Here’s why: Lenders consider your debt-to-income (DTI) ratio when you apply for a HELOC. This ratio compares your monthly debt payments to gross income, and most lenders prefer a DTI under 43%. 

If your monthly debt is $2,000 and your income is $4,000, your DTI is 50% ($2,000 / $4,000). So, as it stands, it could be too high. However, adding a cosigner’s income could help lower this ratio for you so it falls within the approval threshold.

You don’t qualify on your own due to high debts

Like the example above, a cosigner could help you qualify for a HELOC if you have too much debt relative to your income. If they have low debt and a decent income, it could improve your DTI ratio and make you look better to HELOC underwriters.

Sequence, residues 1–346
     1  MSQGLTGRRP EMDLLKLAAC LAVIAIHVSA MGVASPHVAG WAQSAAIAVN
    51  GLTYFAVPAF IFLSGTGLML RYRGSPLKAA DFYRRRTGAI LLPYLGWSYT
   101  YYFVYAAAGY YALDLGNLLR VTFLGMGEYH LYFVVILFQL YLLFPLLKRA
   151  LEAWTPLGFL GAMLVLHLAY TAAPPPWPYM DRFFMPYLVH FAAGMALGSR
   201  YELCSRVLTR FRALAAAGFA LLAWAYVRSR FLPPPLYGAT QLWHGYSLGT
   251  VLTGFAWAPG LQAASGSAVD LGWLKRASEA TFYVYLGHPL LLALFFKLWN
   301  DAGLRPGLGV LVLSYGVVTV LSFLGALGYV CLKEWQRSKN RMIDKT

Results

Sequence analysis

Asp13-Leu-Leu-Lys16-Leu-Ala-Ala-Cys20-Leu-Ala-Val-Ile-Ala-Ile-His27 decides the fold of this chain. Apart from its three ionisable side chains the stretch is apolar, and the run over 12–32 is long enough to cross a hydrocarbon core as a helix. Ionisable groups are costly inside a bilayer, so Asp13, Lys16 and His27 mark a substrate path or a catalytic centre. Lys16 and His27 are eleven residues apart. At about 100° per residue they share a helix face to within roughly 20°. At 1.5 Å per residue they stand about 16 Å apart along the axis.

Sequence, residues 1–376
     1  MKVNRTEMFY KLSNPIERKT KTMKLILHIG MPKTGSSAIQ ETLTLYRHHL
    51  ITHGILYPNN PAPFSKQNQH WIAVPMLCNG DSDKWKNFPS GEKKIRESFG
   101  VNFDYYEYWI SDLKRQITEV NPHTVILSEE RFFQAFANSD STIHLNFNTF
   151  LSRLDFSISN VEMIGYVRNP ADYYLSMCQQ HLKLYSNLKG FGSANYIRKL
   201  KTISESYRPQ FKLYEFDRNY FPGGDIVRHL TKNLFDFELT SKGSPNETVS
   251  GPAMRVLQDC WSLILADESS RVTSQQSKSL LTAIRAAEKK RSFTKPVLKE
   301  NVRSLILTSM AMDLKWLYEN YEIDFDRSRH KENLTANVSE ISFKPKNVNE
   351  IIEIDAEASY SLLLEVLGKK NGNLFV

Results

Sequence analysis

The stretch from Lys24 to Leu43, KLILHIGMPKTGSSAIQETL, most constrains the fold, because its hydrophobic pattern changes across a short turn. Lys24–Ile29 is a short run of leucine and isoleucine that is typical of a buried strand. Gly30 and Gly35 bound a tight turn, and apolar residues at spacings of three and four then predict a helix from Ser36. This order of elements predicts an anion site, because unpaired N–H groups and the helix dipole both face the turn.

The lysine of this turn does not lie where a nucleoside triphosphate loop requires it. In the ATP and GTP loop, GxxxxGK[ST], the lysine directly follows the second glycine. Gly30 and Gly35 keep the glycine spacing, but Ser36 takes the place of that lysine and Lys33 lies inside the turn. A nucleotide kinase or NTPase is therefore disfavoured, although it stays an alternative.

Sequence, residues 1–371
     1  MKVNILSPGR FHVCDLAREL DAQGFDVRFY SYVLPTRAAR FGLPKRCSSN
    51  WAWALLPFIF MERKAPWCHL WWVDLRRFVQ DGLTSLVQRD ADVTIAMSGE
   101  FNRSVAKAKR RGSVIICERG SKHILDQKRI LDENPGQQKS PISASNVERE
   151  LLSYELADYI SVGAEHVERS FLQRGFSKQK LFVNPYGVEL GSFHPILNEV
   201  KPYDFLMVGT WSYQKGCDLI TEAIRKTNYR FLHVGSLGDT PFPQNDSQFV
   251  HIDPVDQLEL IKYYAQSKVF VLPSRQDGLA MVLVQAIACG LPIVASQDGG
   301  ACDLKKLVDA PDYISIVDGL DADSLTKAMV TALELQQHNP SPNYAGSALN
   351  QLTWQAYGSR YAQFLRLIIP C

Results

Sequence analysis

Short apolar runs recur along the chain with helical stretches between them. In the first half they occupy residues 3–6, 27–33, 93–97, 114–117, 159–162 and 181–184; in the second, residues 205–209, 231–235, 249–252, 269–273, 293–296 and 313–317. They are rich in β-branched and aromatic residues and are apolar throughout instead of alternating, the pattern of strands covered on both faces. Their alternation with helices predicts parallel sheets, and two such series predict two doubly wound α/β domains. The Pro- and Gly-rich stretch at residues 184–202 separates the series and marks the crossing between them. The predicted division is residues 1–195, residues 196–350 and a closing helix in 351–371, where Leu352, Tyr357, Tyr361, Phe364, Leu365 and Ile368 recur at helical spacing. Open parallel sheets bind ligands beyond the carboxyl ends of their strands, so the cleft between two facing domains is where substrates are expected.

While this is a good thing, it’s important to consider whether you can still comfortably afford your new HELOC payments on top of your other debt payments without the cosigner’s help. (Remember, a cosigner is only there to help if you, the primary borrower, can’t pay. They’re a backup, a Plan B.) 

A HELOC is a new form of debt, and if adding one more payment to your pile would further strain your finances, think twice. 

You have poor credit

If you’re thinking about getting a cosigner for a HELOC because you have poor credit, it may not help much. This might surprise you, so let us explain. 

Although every lender differs, we spoke to a mortgage specialist who explained that many lenders use the lowest credit score on a HELOC application to determine approval. So, if you have poor credit, a cosigner likely won’t help increase your approval odds because yours will still be the lowest score. 

This may not be true for every lender—some may not use the lowest score. But it’s something to remember if you’re considering a cosigner because of bad credit.